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Quantifying self-motives: Functional links between dispositional desires


Aiden P. Gregg, Center for Research on Self and Identity, School of Psychology, University of Southampton, Southampton, SO17 1BJ, England, UK.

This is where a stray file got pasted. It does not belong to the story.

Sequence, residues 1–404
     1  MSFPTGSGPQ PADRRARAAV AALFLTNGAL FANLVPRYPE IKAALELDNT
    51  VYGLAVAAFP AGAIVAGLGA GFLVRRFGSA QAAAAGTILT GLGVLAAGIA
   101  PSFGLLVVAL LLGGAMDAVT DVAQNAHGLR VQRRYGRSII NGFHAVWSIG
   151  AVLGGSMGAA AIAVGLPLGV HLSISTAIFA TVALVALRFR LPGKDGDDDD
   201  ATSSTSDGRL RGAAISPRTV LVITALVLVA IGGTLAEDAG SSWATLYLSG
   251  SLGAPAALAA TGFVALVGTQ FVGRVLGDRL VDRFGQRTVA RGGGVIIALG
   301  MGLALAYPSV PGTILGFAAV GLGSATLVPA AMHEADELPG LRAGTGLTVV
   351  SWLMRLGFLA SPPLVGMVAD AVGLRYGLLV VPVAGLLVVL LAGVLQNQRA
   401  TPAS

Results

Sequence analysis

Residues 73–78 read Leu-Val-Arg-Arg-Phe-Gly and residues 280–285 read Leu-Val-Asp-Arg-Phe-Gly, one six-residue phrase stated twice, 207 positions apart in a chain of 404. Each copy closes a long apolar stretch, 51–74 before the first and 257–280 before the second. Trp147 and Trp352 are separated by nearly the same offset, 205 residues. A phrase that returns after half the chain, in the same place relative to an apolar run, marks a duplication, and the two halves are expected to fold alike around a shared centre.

Previous research has sought to establish the existence, or gauge the relative strength, of key self-evaluation motives (i.e., self-enhancement, self-verification, self-assessment, self-improvement). Here, we attempted, across five samples, to quantify individual differences in self-motive strength and explore their empirical ramifications. We devised brief self-report indices for each self-motive and checked their factor structure, reliability, and validity. We found that self-enhancement covaried mainly with self-verification, and that self-assessment covaried mainly with self-improvement, thus validating key hypotheses regarding their functional links. Moreover, self-enhancement and self-verification covaried with positive personality traits, as well as with preferences for receiving positive feedback and perceptions of its accuracy. In sum, self-reported variations in dispositional self-motive strength form theoretically meaningful patterns. Copyright © 2011 John Wiley & Sons, Ltd.